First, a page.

Alex Mills: Because I’m the pastor and-

Brady Shearer: Congratulation. You played yourself.

Alex Mills: Right, and so I totally played myself, and the answer is, you do need one, and this is why you need one.

Brady Shearer: Hire one, or become one. Here are the reasons why. Firstly, let’s define Communications Director. This is a job description that I found from Fishhook. Respect to the team over at Fishhook. We’ve got a link in the show notes to this full Communications Director position and the job description. Here’s how they would define it. The Communications Director will create, organize, plan and implement effective communication messages and strategies for and with church and community audiences. The individual will support church and ministry leaders in convening their vision and communication priorities to appropriate audiences. There’s a lot of fancy language there. Basically, anything that your church is known for or says to the world, Communications Director. In a world where we are spending so much time digital and online, this is becoming more and more important.

Let’s talk about five pillars for explaining to your pastor why you need a Communications Director. Pillar number one. Anytime you want to convince your pastor of anything, what you need to do is link your need, your desired need to the church’s grand vision and demonstrate how this expense will return multiple times over in ROI. If you are proposing hiring a church Communications Director that’s going to cost $50,000 per year, how is that going to return many times over that ROI, directly translated to the church’s vision or mission?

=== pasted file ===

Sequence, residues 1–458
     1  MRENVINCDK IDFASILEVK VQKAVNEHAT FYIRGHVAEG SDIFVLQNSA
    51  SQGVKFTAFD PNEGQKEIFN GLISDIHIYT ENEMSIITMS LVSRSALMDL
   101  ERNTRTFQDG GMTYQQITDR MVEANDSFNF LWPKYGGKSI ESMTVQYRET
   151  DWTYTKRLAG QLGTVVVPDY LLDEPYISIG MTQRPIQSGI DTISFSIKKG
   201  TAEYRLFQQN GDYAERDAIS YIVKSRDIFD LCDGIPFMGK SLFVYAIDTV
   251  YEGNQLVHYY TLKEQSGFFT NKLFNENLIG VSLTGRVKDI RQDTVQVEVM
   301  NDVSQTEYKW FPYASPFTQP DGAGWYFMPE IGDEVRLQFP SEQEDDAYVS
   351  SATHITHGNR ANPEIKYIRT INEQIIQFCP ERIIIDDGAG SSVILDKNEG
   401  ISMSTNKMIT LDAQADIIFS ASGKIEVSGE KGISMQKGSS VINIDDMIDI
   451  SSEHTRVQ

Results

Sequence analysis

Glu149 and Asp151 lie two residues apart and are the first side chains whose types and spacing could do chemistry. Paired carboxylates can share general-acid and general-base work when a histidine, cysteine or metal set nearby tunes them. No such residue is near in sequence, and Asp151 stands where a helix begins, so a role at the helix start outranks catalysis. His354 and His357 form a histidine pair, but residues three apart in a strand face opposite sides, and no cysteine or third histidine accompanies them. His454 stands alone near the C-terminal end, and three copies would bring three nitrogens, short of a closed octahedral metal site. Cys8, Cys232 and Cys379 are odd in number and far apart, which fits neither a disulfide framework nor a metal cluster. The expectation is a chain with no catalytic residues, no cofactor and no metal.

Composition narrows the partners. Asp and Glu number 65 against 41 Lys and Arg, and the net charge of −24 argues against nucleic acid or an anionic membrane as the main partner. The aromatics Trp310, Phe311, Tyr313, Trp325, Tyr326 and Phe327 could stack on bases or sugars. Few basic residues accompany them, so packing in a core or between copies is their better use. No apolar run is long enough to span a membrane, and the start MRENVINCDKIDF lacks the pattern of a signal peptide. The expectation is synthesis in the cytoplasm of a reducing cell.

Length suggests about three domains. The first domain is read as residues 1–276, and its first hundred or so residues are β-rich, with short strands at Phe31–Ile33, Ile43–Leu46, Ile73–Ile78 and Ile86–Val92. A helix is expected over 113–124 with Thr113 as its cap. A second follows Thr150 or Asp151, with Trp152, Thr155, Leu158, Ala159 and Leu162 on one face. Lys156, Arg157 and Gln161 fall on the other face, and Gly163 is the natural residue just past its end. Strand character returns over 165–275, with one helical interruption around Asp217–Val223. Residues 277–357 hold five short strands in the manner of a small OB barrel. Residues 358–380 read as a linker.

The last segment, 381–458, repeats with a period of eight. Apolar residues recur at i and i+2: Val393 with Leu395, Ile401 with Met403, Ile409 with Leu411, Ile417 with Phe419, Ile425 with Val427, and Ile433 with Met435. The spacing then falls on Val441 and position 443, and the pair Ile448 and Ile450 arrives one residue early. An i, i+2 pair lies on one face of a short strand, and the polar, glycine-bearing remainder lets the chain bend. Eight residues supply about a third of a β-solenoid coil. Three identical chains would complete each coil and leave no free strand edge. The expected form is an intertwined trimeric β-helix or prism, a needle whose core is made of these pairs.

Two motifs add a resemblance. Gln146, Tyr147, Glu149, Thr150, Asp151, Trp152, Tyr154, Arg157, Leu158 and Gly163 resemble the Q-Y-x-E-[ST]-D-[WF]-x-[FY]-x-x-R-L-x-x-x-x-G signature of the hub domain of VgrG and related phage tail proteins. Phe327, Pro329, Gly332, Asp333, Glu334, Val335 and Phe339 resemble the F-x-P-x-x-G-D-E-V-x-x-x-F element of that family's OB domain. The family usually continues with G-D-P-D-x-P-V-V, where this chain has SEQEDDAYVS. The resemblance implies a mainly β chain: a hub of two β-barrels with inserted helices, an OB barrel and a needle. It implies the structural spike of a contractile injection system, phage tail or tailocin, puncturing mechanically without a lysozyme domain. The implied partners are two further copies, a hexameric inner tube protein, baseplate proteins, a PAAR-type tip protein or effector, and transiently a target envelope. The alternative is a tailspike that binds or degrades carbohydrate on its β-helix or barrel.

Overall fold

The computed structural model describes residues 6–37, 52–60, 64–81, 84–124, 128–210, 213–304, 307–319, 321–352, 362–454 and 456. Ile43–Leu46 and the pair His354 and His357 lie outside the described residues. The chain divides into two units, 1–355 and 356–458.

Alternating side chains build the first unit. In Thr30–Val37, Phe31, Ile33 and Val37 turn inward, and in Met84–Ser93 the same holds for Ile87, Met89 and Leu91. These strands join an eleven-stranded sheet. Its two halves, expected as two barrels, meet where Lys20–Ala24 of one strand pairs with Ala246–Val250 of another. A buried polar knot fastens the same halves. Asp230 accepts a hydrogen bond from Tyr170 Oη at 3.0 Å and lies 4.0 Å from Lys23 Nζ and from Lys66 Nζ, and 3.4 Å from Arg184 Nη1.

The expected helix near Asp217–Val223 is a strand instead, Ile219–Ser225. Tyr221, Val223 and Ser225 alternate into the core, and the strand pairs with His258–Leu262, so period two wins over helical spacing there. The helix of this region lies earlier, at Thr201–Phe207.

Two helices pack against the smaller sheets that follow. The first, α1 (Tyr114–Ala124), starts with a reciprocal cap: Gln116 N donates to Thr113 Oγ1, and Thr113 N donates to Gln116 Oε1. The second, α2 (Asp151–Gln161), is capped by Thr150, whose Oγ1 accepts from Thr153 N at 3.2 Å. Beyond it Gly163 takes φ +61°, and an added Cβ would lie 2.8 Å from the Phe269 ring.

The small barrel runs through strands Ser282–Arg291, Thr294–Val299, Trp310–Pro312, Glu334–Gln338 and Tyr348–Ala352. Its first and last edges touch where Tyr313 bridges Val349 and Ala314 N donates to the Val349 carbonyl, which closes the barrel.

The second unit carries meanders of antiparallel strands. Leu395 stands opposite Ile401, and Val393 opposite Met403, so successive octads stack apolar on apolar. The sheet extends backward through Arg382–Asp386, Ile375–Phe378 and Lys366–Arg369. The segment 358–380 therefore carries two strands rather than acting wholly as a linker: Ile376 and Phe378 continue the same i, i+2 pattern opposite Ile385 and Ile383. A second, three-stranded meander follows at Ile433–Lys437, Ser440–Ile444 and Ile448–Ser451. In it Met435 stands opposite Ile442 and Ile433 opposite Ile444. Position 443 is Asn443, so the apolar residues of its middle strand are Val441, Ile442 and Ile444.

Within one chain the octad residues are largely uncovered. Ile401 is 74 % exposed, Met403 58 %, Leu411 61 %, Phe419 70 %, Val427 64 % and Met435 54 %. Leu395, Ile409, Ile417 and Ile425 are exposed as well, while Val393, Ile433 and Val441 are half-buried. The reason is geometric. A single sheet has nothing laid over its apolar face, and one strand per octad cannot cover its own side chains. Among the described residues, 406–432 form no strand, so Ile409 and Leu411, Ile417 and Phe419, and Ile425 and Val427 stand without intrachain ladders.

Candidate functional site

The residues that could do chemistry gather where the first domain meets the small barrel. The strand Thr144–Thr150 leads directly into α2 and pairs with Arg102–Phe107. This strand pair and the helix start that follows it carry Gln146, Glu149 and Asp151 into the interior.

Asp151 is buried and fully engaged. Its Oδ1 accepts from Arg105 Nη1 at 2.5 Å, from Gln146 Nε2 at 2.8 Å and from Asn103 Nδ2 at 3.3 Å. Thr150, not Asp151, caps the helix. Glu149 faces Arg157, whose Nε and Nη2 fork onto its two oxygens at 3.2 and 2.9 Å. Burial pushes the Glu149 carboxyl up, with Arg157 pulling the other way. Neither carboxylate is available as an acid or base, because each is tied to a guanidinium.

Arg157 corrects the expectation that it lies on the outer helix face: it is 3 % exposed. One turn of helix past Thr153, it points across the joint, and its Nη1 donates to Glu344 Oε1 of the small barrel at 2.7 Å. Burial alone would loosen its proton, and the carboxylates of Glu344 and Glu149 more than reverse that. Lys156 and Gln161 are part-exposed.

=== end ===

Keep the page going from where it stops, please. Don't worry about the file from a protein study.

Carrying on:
Here’s a helpful question to ask yourself and to ask your pastor to ask your team. What would our church look like if our Sunday service did not exist? If we didn’t have a Sunday service, what would our church look like? What would we be appearing as online? Because now all we have is our website, and our social media platforms, and what we’re posting. If you took away our Sunday service entirely, what would we be known for? Because here’s the thing. According to the best data we have, this is coming from church leaders, only about 23% to 25% of Americans show up to church at least three out of every eight Sundays, and for most countries around the world, especially the UK, Australia, Canada, that’s even lower. Ask yourself, what does our church look like to the vast majority of our community, and even those in our church who are barely coming, not even every other week? For those people, what does our church look like? Most of them aren’t coming to church every week, the vast majority. Then, even three out of four aren’t coming even three out of every eight Sundays. What do we look like to them? How are we reaching them? How are we fulfilling and accomplishing our mission outside of a single one hour Sunday service? First thing to consider.